Saturday, April 30, 2011

Onion & Cheese Bread

I knew as soon as I saw something called "Onion and Swiss Rye Bread" on this month's Kitchen Play menu I would have no choice but to participate in this amazing contest brought to us by the National Onion Association. What really appealed to me about this recipe, is it seemed like I could recreate it using things I always have in the house. Onions, some kind of Swiss cheese, whole wheat flour, yeast. All I have to do is make sure I get a few extra onions to caramelize. Easy, right?

Yeah, well. Not so fast. Turns out, for a household of only two people, we go through about a pound of onions every day. I am not exaggerating when I say that I actually went out and bought "extra onions" on four separate occasions, each time thinking, "now these are for the bread." But then I wanted to make guacamole. And roast a chicken. Cook an omelet. Whisk up a little salad dressing. Turns out everything we eat in this family begins with onions. The lesson here? Buy in bulk and buy often. This bread is worth it.

Onion & Cheese Bread (adapted from Cookistry)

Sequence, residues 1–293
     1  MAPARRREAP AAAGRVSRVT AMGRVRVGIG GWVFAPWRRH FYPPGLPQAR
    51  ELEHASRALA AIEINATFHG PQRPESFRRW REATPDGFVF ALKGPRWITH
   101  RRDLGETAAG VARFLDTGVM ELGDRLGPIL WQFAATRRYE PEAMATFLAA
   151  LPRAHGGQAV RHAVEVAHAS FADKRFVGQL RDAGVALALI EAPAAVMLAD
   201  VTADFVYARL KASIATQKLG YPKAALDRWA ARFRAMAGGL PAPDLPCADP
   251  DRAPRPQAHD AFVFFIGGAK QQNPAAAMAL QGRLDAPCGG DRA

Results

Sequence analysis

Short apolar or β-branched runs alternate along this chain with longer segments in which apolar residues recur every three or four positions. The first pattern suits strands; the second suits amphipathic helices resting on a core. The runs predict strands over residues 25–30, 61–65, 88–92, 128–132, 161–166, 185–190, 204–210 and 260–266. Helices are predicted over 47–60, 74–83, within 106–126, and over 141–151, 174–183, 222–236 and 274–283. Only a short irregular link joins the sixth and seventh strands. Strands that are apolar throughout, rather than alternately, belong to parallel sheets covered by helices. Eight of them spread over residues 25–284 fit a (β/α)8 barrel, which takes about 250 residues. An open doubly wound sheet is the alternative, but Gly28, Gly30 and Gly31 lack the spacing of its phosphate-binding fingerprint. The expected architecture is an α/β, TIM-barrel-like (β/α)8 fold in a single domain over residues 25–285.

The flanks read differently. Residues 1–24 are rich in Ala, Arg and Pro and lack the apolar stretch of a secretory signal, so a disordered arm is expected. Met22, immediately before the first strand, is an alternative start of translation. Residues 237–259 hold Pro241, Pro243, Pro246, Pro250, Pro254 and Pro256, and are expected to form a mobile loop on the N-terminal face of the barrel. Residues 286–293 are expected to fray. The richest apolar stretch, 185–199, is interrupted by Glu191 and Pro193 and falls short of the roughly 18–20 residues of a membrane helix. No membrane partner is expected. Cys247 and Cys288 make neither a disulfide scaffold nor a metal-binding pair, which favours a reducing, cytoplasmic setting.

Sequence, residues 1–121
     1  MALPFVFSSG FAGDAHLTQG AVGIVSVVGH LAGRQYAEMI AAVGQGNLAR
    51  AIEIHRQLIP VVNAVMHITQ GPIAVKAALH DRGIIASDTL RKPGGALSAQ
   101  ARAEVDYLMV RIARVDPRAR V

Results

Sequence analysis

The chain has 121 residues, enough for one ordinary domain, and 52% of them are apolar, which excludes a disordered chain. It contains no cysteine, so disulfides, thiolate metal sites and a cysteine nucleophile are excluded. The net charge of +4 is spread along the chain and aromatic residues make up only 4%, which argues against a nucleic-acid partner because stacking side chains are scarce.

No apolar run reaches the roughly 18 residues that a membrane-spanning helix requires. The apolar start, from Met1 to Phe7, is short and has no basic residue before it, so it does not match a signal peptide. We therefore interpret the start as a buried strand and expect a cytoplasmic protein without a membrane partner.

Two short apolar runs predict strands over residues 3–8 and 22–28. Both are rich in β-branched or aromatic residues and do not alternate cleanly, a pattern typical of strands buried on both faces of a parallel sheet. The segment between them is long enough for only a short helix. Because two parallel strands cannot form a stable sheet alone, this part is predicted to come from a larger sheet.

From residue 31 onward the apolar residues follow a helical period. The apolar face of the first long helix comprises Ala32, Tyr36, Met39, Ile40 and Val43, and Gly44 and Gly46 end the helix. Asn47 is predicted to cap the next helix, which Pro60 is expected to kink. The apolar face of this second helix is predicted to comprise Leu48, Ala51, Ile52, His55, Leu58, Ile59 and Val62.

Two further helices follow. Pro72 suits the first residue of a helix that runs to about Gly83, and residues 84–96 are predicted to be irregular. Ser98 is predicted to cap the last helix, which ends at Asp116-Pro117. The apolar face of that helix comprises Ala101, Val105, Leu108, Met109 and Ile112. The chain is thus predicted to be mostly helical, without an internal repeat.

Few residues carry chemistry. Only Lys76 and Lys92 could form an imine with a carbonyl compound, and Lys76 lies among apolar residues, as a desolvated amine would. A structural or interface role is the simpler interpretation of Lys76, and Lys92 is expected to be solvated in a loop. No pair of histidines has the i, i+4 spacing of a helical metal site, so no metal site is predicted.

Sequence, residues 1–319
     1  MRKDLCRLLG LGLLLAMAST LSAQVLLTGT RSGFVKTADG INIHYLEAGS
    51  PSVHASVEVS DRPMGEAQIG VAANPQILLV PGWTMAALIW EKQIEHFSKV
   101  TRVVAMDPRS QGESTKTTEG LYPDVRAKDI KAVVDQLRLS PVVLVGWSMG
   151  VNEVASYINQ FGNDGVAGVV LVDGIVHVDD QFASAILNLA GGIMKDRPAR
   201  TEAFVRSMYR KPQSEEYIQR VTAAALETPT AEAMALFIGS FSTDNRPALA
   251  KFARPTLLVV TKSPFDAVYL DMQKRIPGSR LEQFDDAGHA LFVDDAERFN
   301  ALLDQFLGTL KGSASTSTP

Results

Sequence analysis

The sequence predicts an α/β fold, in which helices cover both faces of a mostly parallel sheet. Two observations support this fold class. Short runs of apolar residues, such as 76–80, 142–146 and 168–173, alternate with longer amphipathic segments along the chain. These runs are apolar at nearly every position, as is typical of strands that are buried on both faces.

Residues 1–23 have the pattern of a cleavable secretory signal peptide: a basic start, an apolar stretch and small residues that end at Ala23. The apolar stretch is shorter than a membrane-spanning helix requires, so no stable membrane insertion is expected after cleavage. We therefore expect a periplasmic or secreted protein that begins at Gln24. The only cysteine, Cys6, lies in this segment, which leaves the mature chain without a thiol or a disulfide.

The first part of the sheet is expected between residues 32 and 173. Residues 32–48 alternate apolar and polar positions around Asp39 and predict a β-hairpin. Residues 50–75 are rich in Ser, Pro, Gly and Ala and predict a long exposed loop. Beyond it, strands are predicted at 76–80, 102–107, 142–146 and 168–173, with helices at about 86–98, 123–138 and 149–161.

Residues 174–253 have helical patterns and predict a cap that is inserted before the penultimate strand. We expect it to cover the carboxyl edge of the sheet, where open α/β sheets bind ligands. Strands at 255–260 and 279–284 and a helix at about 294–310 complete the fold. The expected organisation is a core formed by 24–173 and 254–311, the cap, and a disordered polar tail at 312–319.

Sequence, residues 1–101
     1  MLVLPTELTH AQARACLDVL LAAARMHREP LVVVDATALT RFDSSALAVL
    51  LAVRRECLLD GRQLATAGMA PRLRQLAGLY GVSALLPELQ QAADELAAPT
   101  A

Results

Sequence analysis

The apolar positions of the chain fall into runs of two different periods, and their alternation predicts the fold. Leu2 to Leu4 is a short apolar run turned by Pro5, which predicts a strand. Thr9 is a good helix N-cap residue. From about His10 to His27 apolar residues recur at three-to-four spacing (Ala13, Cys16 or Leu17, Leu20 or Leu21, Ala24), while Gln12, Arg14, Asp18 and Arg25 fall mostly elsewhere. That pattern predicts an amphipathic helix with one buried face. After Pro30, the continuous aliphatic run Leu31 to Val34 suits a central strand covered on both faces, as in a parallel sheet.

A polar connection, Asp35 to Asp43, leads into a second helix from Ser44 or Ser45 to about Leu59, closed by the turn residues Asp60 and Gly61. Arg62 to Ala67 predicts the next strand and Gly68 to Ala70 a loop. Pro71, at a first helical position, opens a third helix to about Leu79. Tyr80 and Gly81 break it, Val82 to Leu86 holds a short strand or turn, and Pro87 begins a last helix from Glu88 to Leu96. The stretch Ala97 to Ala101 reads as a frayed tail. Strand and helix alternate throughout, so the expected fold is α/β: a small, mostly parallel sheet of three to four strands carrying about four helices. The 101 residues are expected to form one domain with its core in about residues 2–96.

• 1 cup warm water
  • 2 1/4 teaspoons instant yeast
  • 1 tablespoon sugar
  • 3 cups whole wheat flour
  • 2 tablespoons vital wheat gluten
  • 1 cup shredded Gruyere cheese
  • 1/2 cup caramelized onions
  • 2 tablespoons unsalted butter at room temperature
  • 1 teaspoon salt
  • Olive oil

In a large bowl combine water, yeast and sugar. Stir to combine and let proof for about 5 minutes.

Add flour, gluten, cheese, and onions. Work with wooden spoon until the dough is elastic. It should come together fairly quickly, though the dough will be quite wet and sticky. Incorporate salt and butter.

Form dough into a ball, drizzle olive oil in your bowl and rotate the dough a few times until fully coated with oil. Cover your bowl with plastic wrap and leave in a warm place for about an hour, or until doubled in size.

Preheat your oven to 350 degrees. Flour your work surface and knead the dough just enough to get it formed into a ball. Line a loaf pan with parchment paper and evenly press the dough into the pan. Let rise again for about 30 minutes.

Bake at 350 degrees until the top is golden, about 40 minutes. Cool in the loaf pan for 10 minutes, then let cool on rack completely.


  1. Hi Gilliam,

    Love your writing style! We have the same issue with onions (and mushrooms) in our house. They never stick around and there's never enough in stock. Glad you finally figured it out and were able to join this month's giveaway. Good luck!

    Kitchen PLAY

  2. Thanks, Casey. I love Kitchen PLAY and I'll definitely be joining another Progressive Party soon!

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